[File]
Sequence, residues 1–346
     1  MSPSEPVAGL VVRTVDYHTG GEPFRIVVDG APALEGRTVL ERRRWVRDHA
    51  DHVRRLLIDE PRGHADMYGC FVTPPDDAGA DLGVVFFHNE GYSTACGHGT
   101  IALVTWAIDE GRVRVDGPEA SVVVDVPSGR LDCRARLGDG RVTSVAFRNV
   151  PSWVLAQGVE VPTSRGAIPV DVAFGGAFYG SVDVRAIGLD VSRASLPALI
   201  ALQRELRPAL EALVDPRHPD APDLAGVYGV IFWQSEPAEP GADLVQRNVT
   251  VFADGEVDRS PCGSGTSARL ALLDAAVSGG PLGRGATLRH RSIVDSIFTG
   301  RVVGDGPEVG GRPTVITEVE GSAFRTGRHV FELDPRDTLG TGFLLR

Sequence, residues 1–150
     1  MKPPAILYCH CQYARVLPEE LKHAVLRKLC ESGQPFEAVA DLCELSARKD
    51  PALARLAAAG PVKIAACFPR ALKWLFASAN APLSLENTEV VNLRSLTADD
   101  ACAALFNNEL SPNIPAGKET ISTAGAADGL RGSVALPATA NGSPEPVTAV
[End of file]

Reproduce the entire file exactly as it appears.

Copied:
Sequence, residues 1–346
     1  MSPSEPVAGL VVRTVDYHTG GEPFRIVVDG APALEGRTVL ERRRWVRDHA
    51  DHVRRLLIDE PRGHADMYGC FVTPPDDAGA DLGVVFFHNE GYSTACGHGT
   101  IALVTWAIDE GRVRVDGPEA SVVVDVPSGR LDCRARLGDG RVTSVAFRNV
   151  PSWVLAQGVE VPTSRGAIPV DVAFGGAFYG SVDVRAIGLD VSRASLPALI
   201  ALQRELRPAL EALVDPRHPD APDLAGVYGV IFWQSEPAEP GADLVQRNVT
   251  VFADGEVDRS PCGSGTSARL ALLDAAVSGG PLGRGATLRH RSIVDSIFTG
   301  RVVGDGPEVG GRPTVITEVE GSAFRTGRHV FELDPRDTLG TGFLLR

Sequence, residues 1–150
     1  MKPPAILYCH CQYARVLPEE LKHAVLRKLC ESGQPFEAVA DLCELSARKD
    51  PALARLAAAG PVKIAACFPR ALKWLFASAN APLSLENTEV VNLRSLTADD
   101  ACAALFNNEL SPNIPAGKET ISTAGAADGL RGSVALPATA NGSPEPVTAV